In addition, further observations were made on the possible changes of the related downstream signaling pathway in ALL cells during the interaction between MSCs with CAF-like phenotype and ALL cells, and after blocking the SDF-1/CXCR4 axis. Previous studies have reported that the specific binding of the SDF-1/CXCR4 axis can activate the phosphorylation of a variety of downstream pro-tumor survival signaling pathways (Xu et al., 2015). Among them, ERK and PI3K/AKT signals are significant in regulating the proliferation and migration of leukemia cells (Chang et al., 2020). Hence, the changes in the ERK and PI3K/AKT signaling pathways in B-ALL cells were detected. Here, the expression of CXCR4 in the co-culture system and the inhibitory effect of AMD3100 on CXCR4 were first detected. Results revealed that the expression of CXCR4 in leukemia cells in the TGF-β conditioned MSCs co-culture system had a tendency to increase compared with the ALL cells cultured alone, but had no statistical difference between the group in Nalm-6 cells, adding a certain dose of AMD3100 to the co-culture system could effectively inhibit the expression of CXCR4 in TGF-β conditioned MSCs and ALL cells (P < 0.05; Figures 3B,C). For the signaling pathways, the phosphorylated PI3K (p-PI3K) and phosphorylated AKT (p-AKT) were obviously activated in the co-culture system of TGF-β conditioned MSCs and Nalm-6/RS4;11 cells group compared with Nalm-6/RS4;11 cells culture alone, but there was no statistical difference compared with the co-culture system of MSCs and Nalm-6/RS4;11 cells group. Blocking the SDF-1/CXCR4 axis with AMD3100 could inhibit the expression level of p-PI3K and p-AKT, while the ERK signal did not change obviously under AMD3100 treatment (Figures 3D,E). Suggesting that the PI3K/AKT signaling pathway in leukemia cells might be activated to varying degrees when co-cultured with stromal cells, and AMD3100 might reduce the expression of p-PI3K and p-AKT on leukemia cells to a certain extent by interfering with the interaction between stromal cells and leukemia cells.

AMD3100 Weakened the Interaction Between Mesenchymal Stem Cells With Cancer-Associated Fibroblast-Like Phenotype and Acute Lymphoblastic Leukemia Cells by Reducing the Adhesion of Leukemia Cells

Since the direct interaction between CAFs and tumor cells is another significant factor leading to tumor cell invasion and metastasis (Miyazaki et al., 2020; Zhang Y. et al., 2020). In the present in vitro cell experiments, considering that the traditional 2D cell culture cannot generalize the complex in vivo structure, a 3D cell culture model was adopted, which allows leukemia cells in vitro to grow in all directions, such that the appropriate spatial distribution and connection between cells can be formed. Here, a polystyrene scaffold material with optimized structure was selected to form a 3D InsertTM PS scaffold model (Figure 4A), so as to more intuitively observe the interaction between MSCs with CAF-like phenotype and ALL cells and simulate the tumor microenvironment in vivo.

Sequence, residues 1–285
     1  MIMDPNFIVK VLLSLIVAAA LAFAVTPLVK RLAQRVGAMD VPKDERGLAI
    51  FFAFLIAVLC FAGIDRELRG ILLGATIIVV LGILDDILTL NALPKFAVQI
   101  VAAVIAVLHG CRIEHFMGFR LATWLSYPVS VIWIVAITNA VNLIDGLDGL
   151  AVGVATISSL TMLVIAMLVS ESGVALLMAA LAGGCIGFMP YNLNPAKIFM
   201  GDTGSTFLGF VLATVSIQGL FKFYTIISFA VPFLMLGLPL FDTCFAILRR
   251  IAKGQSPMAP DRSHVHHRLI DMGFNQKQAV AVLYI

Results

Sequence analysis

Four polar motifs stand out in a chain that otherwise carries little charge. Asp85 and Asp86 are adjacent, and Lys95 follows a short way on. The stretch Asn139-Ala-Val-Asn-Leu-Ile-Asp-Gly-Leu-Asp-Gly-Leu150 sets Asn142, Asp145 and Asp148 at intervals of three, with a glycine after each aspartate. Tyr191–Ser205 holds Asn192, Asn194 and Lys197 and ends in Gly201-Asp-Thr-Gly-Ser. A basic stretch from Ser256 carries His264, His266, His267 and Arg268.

FIGURE 4
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Figure 4. AMD3100 weakened the interaction between MSCs with CAF-like phenotype and ALL cells by reducing the adhesion of leukemia cells to MSCs with CAF-like phenotype. (A) The structure simulation diagram of the 3D cell culture model. (B) The cell morphology of MSCs and TGF-β conditioned MSCs when they cultured in a 3D scaffold (500×). (C) Representative pictures of leukemia cells culture alone (100× and 500×) or co-culture with MSCs/TGF-β conditioned MSCs (3000×) in the 3D scaffold. (D) The adhesion of leukemia cells to stromal cells when Nalm-6/RS4;11 cells were co-cultured with MSCs, TGF-β conditioned MSCs, TGF-β conditioned MSCs + AMD3100 (20 μM) and TGF-β conditioned MSCs + AMD3100 (50 μM) in a 3D scaffold for 24 h (1000×). The arrow in the figure refers to leukemia cells. (E) The adhesion of leukemia cells to stromal cells when Nalm-6/RS4;11 cells were co-cultured with MSCs, TGF-β conditioned MSCs, TGF-β conditioned MSCs + AMD3100 (20 μM) and TGF-β conditioned MSCs + AMD3100 (50 μM) for 24 h by using the fluorescence quantitative method (100×, scale bars, 100 μm). Each value indicates the mean ± SD of three or more independent experiments. In each independent repeated experiment, MSCs was isolated and cultured from a B-ALL patient, and stimulated with rhTGF-β to obtain the CAF-like phenotype, then the latter were compared with the untreated MSCs from the same patient to ensure that the experiment was comparable. *P < 0.05, **P < 0.01, ***P < 0.001.